Company culture is always changing, but these days the changes are coming thicker and faster than ever. The baby-boomer generation is in the process of retiring, and in its place, we've got Generations X and Y already shaking things up, with Z waiting in the wings ready to do the same.
What drives cultural change?
The influx of Generation Y into the workplace has lead to a massive cultural shift in the workplace, and Generation Z is about to do the same. The baby-boomer generation, known for its strictly professional behavior, strong work ethic, and high level of company commitment, is on the way out and headed for retirement. In its place Generations Y and Z are people who have grown up with the internet, and its virtually infinite amount of information, at their fingertips. The baby-boomers value seniority and the chain of command, while the new generation values knowledge over experience, are more casual in dress and behaviour, and don't want to sacrifice their personal lives for work.
Cultural changes are often driven by technological advances, and this is definitely true when it comes to company culture. For example, now that most people have mobile phones or smartphones, many people find that it's no longer possible to entirely disconnect from work, and there's often an expectation that employees in certain industries and jobs are always available, even during leisure hours. While Generation X in particular is mostly accepting of this, Y and Z are more likely to resist it, in part because many GenXers were already in the workforce when the technology became widespread and it was more likely to be first encountered at work. To the younger generations, it's just part of the furniture.
Flexibility is a key attribute for the modern company and it's something that Generations X and Y have in spades. Job descriptions are more loosely defined, the chain of command is more of a network than a single-direction channel, and the people who thrive in this environment are the ones who have grown up in a globalised multi-media world where information is shared freely and constantly.
Company culture is more values-driven than it's ever been, with leaders establishing core values that provide the cohesiveness needed for a company to thrive in the face of greater flexibility, and a less rigidly-defined company structure. As well as this, GenZers are coming into the workforce with little in the way of basic job skills, which means it's now even more important to develop a shared belief system that's relevant to each employee, and defines how people are expected to behave in the workplace. It's also increasingly important that managers lead by example - not just repeating company values, but modeling them in the workplace.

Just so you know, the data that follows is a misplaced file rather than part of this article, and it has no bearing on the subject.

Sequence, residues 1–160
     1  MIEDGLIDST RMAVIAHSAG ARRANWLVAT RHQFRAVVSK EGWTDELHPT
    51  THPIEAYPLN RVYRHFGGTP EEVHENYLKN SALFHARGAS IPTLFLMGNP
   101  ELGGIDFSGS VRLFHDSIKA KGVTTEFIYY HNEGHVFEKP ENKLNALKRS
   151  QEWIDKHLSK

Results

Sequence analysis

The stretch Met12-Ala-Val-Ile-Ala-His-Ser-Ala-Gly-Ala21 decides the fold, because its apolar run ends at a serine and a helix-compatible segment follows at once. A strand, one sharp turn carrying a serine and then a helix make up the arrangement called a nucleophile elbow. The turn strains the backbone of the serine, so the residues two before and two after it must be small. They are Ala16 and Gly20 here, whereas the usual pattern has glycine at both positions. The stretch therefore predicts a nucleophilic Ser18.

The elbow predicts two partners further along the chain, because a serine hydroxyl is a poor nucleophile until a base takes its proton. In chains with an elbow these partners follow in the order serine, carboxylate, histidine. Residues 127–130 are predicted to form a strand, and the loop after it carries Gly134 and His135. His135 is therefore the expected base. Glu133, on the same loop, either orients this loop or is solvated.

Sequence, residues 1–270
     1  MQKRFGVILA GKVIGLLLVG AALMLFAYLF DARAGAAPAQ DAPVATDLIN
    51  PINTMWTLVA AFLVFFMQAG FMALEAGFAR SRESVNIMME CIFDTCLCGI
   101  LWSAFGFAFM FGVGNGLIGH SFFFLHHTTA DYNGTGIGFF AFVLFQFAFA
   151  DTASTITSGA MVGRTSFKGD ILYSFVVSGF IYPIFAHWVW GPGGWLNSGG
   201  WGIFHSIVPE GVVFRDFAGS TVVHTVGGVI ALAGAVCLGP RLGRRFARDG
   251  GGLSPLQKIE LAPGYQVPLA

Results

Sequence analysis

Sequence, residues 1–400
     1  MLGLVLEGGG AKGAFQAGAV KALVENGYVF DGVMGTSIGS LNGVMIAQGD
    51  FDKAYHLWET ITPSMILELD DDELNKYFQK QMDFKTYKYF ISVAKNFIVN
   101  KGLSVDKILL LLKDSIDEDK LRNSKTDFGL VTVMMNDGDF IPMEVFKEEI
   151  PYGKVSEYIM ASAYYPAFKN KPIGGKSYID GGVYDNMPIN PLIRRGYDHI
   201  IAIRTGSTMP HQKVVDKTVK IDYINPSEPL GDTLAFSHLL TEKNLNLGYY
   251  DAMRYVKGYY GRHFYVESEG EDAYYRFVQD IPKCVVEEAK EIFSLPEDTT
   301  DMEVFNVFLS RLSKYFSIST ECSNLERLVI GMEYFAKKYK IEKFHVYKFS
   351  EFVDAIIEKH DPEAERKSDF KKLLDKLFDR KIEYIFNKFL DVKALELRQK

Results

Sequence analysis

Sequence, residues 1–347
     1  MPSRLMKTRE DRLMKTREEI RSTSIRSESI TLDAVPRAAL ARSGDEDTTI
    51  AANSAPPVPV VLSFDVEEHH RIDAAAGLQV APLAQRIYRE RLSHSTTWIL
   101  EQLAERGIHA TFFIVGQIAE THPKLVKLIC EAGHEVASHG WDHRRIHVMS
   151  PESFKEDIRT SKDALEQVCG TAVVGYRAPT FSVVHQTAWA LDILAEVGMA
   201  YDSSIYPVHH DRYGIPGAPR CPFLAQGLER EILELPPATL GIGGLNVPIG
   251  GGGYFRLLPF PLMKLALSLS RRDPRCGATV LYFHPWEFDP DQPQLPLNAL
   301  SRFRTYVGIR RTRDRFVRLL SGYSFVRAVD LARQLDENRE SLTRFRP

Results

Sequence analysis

Collaborative and transparent
Leadership is no longer just about managers telling other people what to do and when to do it. The baby-boomers were rigid when it came to observing chain of command, but the new generation of workers isn't, and in the most adaptive companies there's a shift towards leaders being people who facilitate teamwork and solve problems, rather than simply people who make decisions and give orders.
This has implications for training. How easy is it for one generation to train the next? With Generation X it was considered the norm for a trainer to be older and more experienced than the people they were training. Structures were more rigid. Younger generations are not averse to learning from older generations but they react better to an engaging and inspiring style that they can connect with. They also learn better together, rather than individually and so learning teams are common practice.
Apprenticeships are in the news a lot at the moment, and this model of on the job learning would seem to be the ideal way for one generation to pass on knowledge to the next.
When all of this is taken into account it seems that training is more of an interactive activity than ever before. The days of learning dry information are over an interaction and collaborative learning become the norm.
This causes a bit of a paradox. On the one participants want training is be more human, and on the other hand technology is trying to build a case for its own training effectiveness. People need to use technology as a tool, and not as an end in its own right.